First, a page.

A fierce heatwave sweeping western Europe was on Tuesday set to smash Britain's all-time temperature record, as swathes of the continent wilted under a scorching sun which has fed ferocious wildfires and stretched emergency services.
Forecasters in the UK have for days been predicting the current national record of 38.7 degrees Celsius (102 degrees Fahrenheit), registered in 2019, would be broken Tuesday and 40C breached for the first time.
The meteorological agency, the Met Office, said it had provisionally been the warmest night on record heading into the day, after temperatures remained above 25C in most places.
Meanwhile Monday's 38.1C reached in Suffolk, in eastern England, made it the UK's third-hottest day ever, as Wales broke its record temperature after the mercury climbed to 37.1C.
Experts blame climate change for the latest unprecedented heatwave, and note the more frequent extreme weather will only worsen in years to come.
It is playing havoc with Britain's transport network, as some rail lines close Tuesday and other services are hampered.
"A lot of our infrastructure is just not built for this temperature," Transport Secretary Grant Shapps told Sky News.
Across the Channel in France, a host of towns and cities recorded their highest-ever temperatures on Monday, the national weather office said.
Saint-Brieuc, on the Channel coast, hit 39.5C beating a previous record of 38.1C, and the western city of Nantes recorded 42C, beating a decades-old high of 40.3C, set in 1949.
Firefighters in France's southwest were still struggling in the crushing heat to contain two massive fires that have caused widespread destruction.
For nearly a week now, armies of firefighters and waterbombing aircraft have battled blazes that have mobilised much of France's firefighting capacity.
Ireland saw Monday temperatures of 33C in Dublin – the highest since 1887 – while Belgium is expecting temperatures of 40C and over.
The heatwave is the second to engulf parts of Europe in recent weeks.
European Commission researchers said nearly half (46 per cent) of EU territory was exposed to warning-level drought. Eleven percent was at an alert level, and crops were already suffering from lack of water.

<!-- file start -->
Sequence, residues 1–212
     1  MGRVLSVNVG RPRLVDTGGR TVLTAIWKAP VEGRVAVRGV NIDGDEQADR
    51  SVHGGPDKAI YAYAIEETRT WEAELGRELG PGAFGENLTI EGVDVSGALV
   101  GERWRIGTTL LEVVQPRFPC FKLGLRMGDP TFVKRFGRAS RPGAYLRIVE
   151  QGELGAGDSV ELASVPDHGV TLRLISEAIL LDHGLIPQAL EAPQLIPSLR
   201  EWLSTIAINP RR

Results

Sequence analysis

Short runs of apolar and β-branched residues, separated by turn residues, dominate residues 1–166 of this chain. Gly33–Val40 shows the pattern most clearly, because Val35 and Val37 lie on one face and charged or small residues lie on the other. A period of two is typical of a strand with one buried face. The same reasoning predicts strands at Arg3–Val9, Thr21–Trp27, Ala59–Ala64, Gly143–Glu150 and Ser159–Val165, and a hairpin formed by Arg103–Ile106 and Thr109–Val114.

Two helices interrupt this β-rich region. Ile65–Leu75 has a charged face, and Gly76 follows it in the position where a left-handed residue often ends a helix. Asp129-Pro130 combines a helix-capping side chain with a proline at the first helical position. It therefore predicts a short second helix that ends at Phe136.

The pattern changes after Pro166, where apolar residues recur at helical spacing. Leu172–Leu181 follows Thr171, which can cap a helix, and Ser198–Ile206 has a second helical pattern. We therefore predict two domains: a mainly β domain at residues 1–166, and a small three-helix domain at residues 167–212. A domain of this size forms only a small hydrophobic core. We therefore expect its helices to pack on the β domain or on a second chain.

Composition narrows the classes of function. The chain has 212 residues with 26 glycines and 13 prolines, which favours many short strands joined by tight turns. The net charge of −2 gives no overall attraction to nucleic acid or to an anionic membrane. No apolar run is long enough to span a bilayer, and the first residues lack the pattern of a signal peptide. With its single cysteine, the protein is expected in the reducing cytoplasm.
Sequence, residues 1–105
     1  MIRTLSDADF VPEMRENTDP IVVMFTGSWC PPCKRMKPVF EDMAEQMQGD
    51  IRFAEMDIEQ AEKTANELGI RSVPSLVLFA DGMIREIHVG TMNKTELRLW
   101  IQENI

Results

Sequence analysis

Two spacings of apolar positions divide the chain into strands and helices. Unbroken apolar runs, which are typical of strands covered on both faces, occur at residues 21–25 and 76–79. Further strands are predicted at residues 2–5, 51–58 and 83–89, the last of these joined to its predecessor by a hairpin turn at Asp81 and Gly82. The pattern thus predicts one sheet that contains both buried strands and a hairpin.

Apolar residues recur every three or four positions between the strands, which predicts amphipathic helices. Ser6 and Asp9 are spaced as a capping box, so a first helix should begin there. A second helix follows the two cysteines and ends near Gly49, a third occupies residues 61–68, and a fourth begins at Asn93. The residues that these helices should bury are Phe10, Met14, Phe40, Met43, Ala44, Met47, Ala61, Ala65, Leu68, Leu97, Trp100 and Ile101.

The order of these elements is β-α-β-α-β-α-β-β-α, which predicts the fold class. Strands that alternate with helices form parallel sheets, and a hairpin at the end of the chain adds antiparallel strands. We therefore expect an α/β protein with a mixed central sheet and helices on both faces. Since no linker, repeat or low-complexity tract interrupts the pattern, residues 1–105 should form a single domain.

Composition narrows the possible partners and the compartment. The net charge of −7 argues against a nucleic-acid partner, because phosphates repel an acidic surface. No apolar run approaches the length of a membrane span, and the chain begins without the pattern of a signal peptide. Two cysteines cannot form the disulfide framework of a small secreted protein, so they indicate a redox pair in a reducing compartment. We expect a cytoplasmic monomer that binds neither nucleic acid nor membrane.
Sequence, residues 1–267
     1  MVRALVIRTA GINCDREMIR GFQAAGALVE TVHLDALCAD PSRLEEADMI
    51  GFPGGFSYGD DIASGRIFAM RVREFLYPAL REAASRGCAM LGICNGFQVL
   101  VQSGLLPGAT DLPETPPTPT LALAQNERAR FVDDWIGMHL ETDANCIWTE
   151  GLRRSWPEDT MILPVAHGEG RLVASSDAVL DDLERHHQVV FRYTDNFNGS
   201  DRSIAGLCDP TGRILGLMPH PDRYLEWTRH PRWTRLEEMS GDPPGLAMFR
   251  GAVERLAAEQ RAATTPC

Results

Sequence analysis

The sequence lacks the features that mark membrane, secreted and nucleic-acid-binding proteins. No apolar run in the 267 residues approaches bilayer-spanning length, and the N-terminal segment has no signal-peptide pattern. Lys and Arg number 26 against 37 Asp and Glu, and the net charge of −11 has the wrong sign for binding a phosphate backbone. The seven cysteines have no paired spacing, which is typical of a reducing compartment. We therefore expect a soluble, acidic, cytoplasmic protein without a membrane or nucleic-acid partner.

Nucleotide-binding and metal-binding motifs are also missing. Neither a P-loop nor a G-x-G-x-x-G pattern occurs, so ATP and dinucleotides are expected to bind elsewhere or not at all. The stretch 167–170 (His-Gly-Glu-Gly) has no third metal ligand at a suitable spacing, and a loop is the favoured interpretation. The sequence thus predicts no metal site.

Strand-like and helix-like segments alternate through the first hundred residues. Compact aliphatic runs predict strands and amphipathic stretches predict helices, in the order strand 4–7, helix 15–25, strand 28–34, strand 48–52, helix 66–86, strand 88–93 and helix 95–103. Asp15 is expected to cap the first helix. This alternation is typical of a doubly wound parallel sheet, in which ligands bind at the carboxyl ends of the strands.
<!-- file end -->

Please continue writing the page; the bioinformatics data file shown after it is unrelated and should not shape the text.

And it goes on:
Blazes in France, Greece, Portugal and Spain have destroyed thousands of hectares of land.
An area nine kilometres (5.5 miles) long and eight kilometres wide was still ablaze near France's Dune de Pilat, Europe's highest sand dune, turning picturesque landscapes, popular campsites and pristine beaches into a scorching mess.
The blaze was literally "blowing things up" with its ferocity, said Marc Vermeulen, head of the local fire service. "Pine trunks of 40 years are bursting."
A total of 8,000 people were evacuated from near the dune Monday as a precaution, while changing winds blew thick smoke into residential areas, officials said.
Hurriedly packing her car, Patricia Monteil said she would go to her daughter's home nearby. "But if that goes up in flames too, I don't know what to do."
Around 32,000 tourists or residents have been forced to evacuate in France, many to emergency shelters.
On Monday evening, prosecutors in the southwest city of Bordeaux said a man suspected of having started one of the fires had been taken into custody.
In Spain, a fire burning in the northwestern province of Zamora claimed the life of a 69-year-old shepherd, regional authorities said. On Sunday, a fireman died in the same area.
Later Monday an office worker in his fifties died from heatstroke in Madrid.
Authorities have reported around 20 wildfires still raging from the south to Galicia in the far northwest, where blazes have destroyed around 4,500 hectares of land.
The fires in Portugal claimed two more lives in the northern Vila Real region, after a car carrying two villagers crashed as they appeared to be trying to flee a fire zone, officials said.
"We found the car and these two people, aged around 70 years, completely burnt," said the mayor of Murca, Mario Artur Lopez. The victims were from the nearby village of Penabeice.
Almost the entire country has been on high alert for wildfires despite a slight drop in temperatures, which last Thursday hit 47C – a record for July.
The fires have already killed two other people, injured around 60 and destroyed between 12,000 and 15,000 hectares of land there.
Back in Britain, the heatwave has permeated the race to replace outgoing prime minister Boris Johnson.
Despite the record temperatures, some of the Conservative MP candidates have suggested they may not keep 2050 emissions reduction targets and green energy subsidies, as they bid to differentiate themselves from their rivals.
Johnson himself has faced criticism for not taking it seriously enough after he failed to attend several emergency meetings on the crisis.
He instead hosted a farewell party at his state-funded country retreat on Sunday.
The extreme temperatures saw flights temporarily suspended Monday at Luton Airport near London and at Royal Air Force base Brize Norton due to "defects" on the runway.
Trains were cancelled and schools closed in some areas.
Right-wing tabloid the Daily Mail took aim at the country's response to the situation, claiming "snowflake Britain had a meltdown" on its front page.
In Brighton, on England's south coast, bank worker Abu Bakr put the heatwave in perspective.
"I come from Sudan," he said. "Forty, forty-five degrees is just the norm. This is as good as it can be." — AFP